Remember when I sang that stinkin' Hillsong United Oceans song about trust without borders, blah, blah, blah? Ugh. I'm telling you right now, think twice before singing these things. God takes this very seriously. My borders were expanded into the deep waters again this week. No, I didn't get to share the love of Jesus beachside where only the other half goes on holiday (that's how the other half says vacation, isn't it?). I spent the week on a new floor of our hospital; a new floor and fancy wing. I was out of my special-needs comfort zone, if there is such a thing.
We have a favorite floor in our hospital. Our favorite nurses and favorite doctors are here. The patient care techs and custodians are like family on this floor. They hug us. Some of them pray for us. After the past year and a half of living in the hospital, it's as close to home as a hospital can get. This visit wasn't on that floor. It wasn't like home at all. It was kind of a foreign land to us. New faces, some were wonderful and fought for us. Some, not so much. The TV was different, new ways to call for help, everything was different. No one hugged us or prayed for us. But that's how visiting a new land with new borders goes, I guess?
So many times I want to click my heels three times like Dorothy and think to myself, "There's no place like home." But if I'm honest, when I'm home, beachside where the other half goes on holiday sounds pretty good. Life is demanding no matter where we go. Going out is so stressful. Staying home is lonely. The hospital is really not home. But a vacation? I can't even think about how difficult taking all of this circus on a vacation would be. So, home is where I truly wish to be.
When I think about the Bible verses of Paul, I don't remember when he wished for home. (Or a vacation.) Whether jailed or traversing across countries, what I remember most was he wished for others to hear the word of God; to learn of Jesus' saving life. In Romans 1 he calls himself set apart for the gospel of Godand iseager to preach the gospel to those in Rome. He can't wait to get to this place where he knows there are those who claim to be wise and foolish, godlessness, and wickedness. (Rome is starting to sound a lot like hospital life.) It's here in this foreign place with foolish, darkened heartswhere he is most unafraid of the gospel of Jesus. He can't wait to get there. He expects a harvest of believers. Heck, you can't drag me to therapy, IEP meetings, a (fairly swanky) hospital stay without kicking and screaming about all the torture it's going to put me through. And there usually isn't one word about my plan to share the gospel of Christ at these things. I'm often just wishing for home.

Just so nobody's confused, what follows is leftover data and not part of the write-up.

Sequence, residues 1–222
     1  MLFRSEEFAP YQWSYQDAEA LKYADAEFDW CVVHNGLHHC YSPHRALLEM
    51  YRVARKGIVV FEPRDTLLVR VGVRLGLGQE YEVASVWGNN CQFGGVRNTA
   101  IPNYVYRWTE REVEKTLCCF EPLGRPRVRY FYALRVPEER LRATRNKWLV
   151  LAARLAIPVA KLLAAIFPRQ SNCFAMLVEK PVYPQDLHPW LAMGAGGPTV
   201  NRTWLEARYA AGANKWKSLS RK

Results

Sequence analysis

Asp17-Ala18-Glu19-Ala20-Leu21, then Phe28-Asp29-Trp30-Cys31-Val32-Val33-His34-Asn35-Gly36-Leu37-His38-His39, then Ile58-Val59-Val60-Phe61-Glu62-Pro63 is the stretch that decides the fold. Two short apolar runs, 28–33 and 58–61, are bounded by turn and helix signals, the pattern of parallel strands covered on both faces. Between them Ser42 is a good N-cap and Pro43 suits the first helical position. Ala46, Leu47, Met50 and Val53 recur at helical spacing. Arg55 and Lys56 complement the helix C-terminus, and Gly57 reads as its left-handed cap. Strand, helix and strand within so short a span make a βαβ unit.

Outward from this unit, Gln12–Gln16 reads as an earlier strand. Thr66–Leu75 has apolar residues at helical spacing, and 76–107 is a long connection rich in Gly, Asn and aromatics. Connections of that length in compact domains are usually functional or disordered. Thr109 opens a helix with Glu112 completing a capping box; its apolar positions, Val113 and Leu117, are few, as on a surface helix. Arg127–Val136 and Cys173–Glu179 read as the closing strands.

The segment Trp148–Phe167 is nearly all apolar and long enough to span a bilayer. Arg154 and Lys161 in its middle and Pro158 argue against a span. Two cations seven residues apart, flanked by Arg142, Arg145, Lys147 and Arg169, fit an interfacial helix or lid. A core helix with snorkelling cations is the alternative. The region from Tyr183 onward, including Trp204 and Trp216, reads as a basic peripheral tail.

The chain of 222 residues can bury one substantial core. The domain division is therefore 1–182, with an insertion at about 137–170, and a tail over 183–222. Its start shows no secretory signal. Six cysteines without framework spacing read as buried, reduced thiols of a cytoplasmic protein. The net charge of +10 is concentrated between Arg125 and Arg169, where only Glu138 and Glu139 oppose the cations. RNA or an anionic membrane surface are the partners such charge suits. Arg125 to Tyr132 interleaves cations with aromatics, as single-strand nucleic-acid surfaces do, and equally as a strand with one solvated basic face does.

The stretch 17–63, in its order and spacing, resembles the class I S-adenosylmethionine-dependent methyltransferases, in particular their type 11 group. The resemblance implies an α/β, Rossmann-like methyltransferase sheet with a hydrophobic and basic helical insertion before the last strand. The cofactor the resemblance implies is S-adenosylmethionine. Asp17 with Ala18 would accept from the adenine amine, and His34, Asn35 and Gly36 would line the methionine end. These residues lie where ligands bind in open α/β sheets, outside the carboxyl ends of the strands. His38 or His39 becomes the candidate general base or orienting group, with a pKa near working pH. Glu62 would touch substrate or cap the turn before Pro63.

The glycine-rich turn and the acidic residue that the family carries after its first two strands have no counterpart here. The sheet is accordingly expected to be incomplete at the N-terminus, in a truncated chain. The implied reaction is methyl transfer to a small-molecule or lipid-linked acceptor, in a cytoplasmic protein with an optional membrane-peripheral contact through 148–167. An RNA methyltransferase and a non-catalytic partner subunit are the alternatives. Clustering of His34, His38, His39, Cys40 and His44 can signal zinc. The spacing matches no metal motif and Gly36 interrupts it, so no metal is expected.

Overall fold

I want my borders expanded, my way. Sharing this love I have, the love of Jesus, is a risk. But, Jesus took that same risk, didn't he?
There was no guarantee I would say yes to his love. Yet, he risked it all for me. (from The Way of Abundance, Ann Voskamp) Seems I could risk a little bit of love, some of my special-needs comfort to share the love of Jesus when He puts me in the deep waters.
My husband and I are parents of all boys. One of whom is a young adult with both physical and intellectual disabilities. I don't always know what I'm doing as I parent these guys. But what I do know is God is teaching me big things through our trials that I probably would have never learned without them. You can find more from me at www.mostlyeandme.com, on Facebook, and on Twitter @mostlyeandme.